I told you all it was going to take four years, and I am a man of my word. Frankly, I am amazed people are still reading and reviewing my stories.
Much of this was written years ago and it has not been finished yet, but I am trying. Also, this is goign to be a lot shorter than previous stories. Sorry, but I expect it is going to be closer in size to my old one-shot stories.
Spread the word - Lazry!Harry is stil determined to not make an effort.
Two hundred miles away from where a war veteran with a decidedly shady past was making himself a late night spot of tea, Harry Potter startled himself awake with a particularly loud snore.
This was rather annoying to the young teen as he had been having a truly vivid dream about being fast asleep.
While that does not sound quite right, for a normal person, it fits perfectly for this boy. You see, Harry Potter was determined to become the laziest person to have ever lived, and he worked at it constantly. Not even the long hours of bed rest he rewarded himself with for achieving milestones in sloth (such as not getting out of bed before lunch time for two days in a row) were spared from his goal.
As a fledgling wizard attending Hogwarts School of Witchcraft and Wizardry, or HoSWiWi as Harry had recently taken to referring to it as (because it felt like he was using less energy saying Hoss-Wee-Wee than Hogwarts School of Witchcraft and Wizardry, plus it was sure to annoy Snape), he had some unique opportunities to develop his laziness. The ability to summon object from across the room and then banish them away was a stalwart skill he had been working on for years, and his devotion to learning the subtle and exact art of using charms to bypass manual labour of every kind was becoming legendary (as opposed to the stupidly dangerous, complex and wasteful mess that was Professor Snape's potion making, or "Cooking for Suicidal Idiots", as Harry renamed it).
Currently Harry was using an obscure mental art to try and control his dreams, and was making some good progress. He was getting quite proficient at becoming aware he was dreaming for just long enough to direct his mind towards more satisfying scenarios, such as sleeping in his dreams.
The young wizard's outlook on life would likely have been very different had it not being for his less-than-loving aunty and uncle, and the round blob of lard they called their son. These were Harry's closest relatives and the 'creatures' tasked with raising him after his parents were brutally murdered by a lunatic (who's consciousness was currently apparently residing in a blood splattered glass jar amongst the many nick-knacks in Headmaster Dumbledore's office). This 'family' routinely accused Harry of being lazy, selfish and generally an unwanted drain on their resources, and while it had not been true at first, Harry chose to give them exactly what they wanted, and so dedicated much of his nearly 14 years of existence to proving them right.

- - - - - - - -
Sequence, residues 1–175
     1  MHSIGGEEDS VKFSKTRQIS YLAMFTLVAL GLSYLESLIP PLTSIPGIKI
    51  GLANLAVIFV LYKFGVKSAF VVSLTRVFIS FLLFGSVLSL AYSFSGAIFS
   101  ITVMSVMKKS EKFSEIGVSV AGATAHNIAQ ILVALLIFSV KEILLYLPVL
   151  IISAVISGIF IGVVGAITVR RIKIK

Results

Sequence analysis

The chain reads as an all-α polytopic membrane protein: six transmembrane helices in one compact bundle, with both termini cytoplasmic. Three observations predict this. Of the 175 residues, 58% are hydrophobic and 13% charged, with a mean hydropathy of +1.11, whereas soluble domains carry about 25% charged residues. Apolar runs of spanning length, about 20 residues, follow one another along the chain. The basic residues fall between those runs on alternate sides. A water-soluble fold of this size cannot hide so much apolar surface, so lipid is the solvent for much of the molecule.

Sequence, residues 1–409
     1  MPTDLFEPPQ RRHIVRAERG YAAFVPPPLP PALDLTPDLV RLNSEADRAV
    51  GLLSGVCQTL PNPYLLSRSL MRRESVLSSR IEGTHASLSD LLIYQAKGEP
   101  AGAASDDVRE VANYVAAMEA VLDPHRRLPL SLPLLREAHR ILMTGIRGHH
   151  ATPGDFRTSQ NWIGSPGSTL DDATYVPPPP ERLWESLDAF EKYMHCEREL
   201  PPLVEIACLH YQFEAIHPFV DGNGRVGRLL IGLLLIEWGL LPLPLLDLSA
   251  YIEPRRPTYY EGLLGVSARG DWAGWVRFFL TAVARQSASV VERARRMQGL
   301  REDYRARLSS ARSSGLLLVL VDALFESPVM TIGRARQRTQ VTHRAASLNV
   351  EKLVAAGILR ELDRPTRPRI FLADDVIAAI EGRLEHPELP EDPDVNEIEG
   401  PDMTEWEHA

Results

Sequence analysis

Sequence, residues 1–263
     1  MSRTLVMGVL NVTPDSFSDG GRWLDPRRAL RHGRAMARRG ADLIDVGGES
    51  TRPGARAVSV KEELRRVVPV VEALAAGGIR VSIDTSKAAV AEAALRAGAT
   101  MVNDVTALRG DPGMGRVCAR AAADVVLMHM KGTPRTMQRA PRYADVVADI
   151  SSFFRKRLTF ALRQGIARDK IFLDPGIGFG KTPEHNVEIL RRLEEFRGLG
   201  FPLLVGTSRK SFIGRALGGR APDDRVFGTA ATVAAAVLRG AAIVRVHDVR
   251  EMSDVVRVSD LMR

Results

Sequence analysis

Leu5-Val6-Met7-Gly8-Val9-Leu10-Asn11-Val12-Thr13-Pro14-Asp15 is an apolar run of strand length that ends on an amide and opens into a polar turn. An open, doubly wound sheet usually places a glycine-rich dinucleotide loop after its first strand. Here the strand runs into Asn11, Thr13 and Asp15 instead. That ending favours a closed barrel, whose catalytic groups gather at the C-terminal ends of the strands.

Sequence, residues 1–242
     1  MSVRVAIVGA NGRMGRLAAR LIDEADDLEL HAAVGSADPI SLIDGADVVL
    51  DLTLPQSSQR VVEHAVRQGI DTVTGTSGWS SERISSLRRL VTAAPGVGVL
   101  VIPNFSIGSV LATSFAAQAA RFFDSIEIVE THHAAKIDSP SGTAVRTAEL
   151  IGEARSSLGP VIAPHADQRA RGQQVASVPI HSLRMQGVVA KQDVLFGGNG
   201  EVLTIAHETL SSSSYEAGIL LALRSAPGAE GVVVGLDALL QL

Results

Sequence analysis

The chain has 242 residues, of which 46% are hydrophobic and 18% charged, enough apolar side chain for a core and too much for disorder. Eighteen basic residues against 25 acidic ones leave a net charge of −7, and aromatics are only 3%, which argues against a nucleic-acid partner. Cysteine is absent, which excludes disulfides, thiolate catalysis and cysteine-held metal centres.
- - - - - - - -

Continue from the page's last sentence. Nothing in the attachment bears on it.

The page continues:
Of course, just being a lazy git was not a particularly ambitious goal, so Harry naturally decided he would be the laziest git ever, and do it in such a way that no one could fault him for it.
Last year he 'took a year off' of pushing his laziness, and it had turned out a bit boring (by his somewhat distorted standards). Consequently, this year he was determined to find new and interesting ways to slack off while still getting things done, and so far it was working out brilliantly.
Currently, as he was back at his 'loving' home in Surrey for the summer holidays, Harry was unable to use his wand to perform any of the magic he had been learning for the last three years at HoSWiWi, so he had to make do with specially prepared items and arrangements made before leaving the school for the holidays. Much of this Harry figured out in previous years, such as a trunk full of ready-to-eat food held in magical stasis, and the deal he had with some house-elves to secretly take care of just about every other bit of housework.
In fact, the House-elves were really coming through for Harry this year, and it was causing Vernon (Harry's uncle) to develop an ulcer, and his aunty, Petunia, to turn prematurely grey (and possibly develop a secret drinking habit, if the bottles in the recycling bin were anything to go by).
Dudley-the-lard-ball was too dense to be affected, or to even notice anything for that matter.
Harry's new favourite game was to make sure he was fully in sight of either his aunt or uncle as much as possible after they gave him a task to complete, while the House-elves completed the work in a literal blink of an eye without anybody seeing how or when it was done.